Be careful what you wish for. Vanderbilt said it wanted Alabama and it got a big dose of it Saturday afternoon in a 59-0 smackdown at Vanderbilt Stadium.
The Commodores had started the season 3-0, allowing a SEC-low 13 points through three games. After beating no. 18 Kansas State last week, defensive lineman Nifae Lealao declared, "You're next, Alabama."
What was next was a beatdown not seen before in the Derek Mason era at Vandy.
"I think they outcoached me and they outclassed us," the fourth-year Vanderbilt head coach said after the game.
The top-ranked Crimson Tide flooded Commodore Country with a fanbase that made up more than half of the sellout crowd and with a football team that flexed it's muscles outgaining Vandy by nearly 600 yards.
"Credit Alabama, I think Alabama is exactly who everybody thinks they are," Mason said. "Extremely good football team, well coached, physical, don't beat themselves. I thought for us, we dug a hole early and it snowballed on us. I didn't think we did a good job responding.
The numbers are eye popping. Alabama ran 93 plays for a whopping 677 yards while possessing the ball for 42:55. Five different players, including starting quarterback Jalen Hurts rushed for more yards than Vandy did.
And a Vanderbilt offense that has shown so much promise over the first few weeks of the season needed to be checked for a pulse by the second half. Kyle Shurmur went just 4-15 with an interception before being knocked out of the game in the third quarter while star running back Ralph Webb rushed for just 20 yards on only six carries.
Perhaps the most telling stat on a lobsided afternoon is the fact that Alabama registered a school-record 38 first downs in the game. Vanderbilt ran 38 offensive plays TOTAL.
"We practiced for it, we planned for it, but at the same time they had a better ball team than we had today," Vanderbilt linebacker Emmanuel Smith said. "And they came out and it showed on the field of play."
This was no contest.
And while Alabama winning in Nashville is not a shock to anyone, the Crimson Tide after all was a 19-point favorite, this is a frustrating reality check to Vandy faithful.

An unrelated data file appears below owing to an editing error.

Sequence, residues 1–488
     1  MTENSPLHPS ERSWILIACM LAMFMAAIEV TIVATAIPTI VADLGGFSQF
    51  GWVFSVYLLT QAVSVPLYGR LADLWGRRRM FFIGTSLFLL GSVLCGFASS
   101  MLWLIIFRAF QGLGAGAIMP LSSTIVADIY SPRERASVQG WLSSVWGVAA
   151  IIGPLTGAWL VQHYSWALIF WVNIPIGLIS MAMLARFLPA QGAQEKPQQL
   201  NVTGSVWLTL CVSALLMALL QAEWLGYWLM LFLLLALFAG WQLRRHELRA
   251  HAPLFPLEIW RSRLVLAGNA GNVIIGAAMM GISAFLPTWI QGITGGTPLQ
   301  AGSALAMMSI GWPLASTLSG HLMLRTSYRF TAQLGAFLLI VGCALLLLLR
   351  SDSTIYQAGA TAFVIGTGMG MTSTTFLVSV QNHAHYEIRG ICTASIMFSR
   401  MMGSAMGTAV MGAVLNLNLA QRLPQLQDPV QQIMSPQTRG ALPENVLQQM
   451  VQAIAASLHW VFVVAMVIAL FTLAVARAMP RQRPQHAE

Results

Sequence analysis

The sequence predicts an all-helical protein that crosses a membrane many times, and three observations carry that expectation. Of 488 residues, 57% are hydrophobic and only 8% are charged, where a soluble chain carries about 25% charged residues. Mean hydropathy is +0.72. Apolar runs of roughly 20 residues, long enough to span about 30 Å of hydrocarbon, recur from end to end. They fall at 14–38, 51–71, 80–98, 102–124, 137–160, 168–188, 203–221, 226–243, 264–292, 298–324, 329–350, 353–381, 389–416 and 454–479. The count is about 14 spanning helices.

But maybe that is the greatest testament to how far this Vanderbilt program has come in Mason's four seasons. This program lost his opening game on this same field by 30 to Temple. The Commodores managed just seven wins over his first two seasons.
After an Independence Bowl trip a year ago and a 3-0 start to this campaign, there is a newfound belief on West End that the Commodores can compete in the SEC. And Saturday was a chance against the nation's premier program on your home field with a national audience watching on the CBS game of the week.
That's what made this so disheartening.
"Obviously, you always want to come out and execute to the best of your ability," wide receiver Trent Sherfield said. "Once things had started to go downhill, just the snowball effect, it got really frustrating."
Now the challenge is for the Commodores to tune out the naysayers who will inevitably tout this team as the "same ole Vandy" following this performance. This isn't the same ole Vandy, and they aren't 59-0 worse than Alabama.
This was a disaster, yes, but it only counts as one loss. This program has come along ways in a short time, and it's up to the veteran leaders to make sure they get this train back on the tracks quickly. Next week's trip to The Swamp to face Florida is critical to Vandy's SEC East hopes, which are still legitimate despite Saturday's result.
Many teams have been embarrassed by Alabama before. Vanderbilt's 2017 season will be judged not by what happened on the big stage Saturday, but by how it responds for the rest of the season.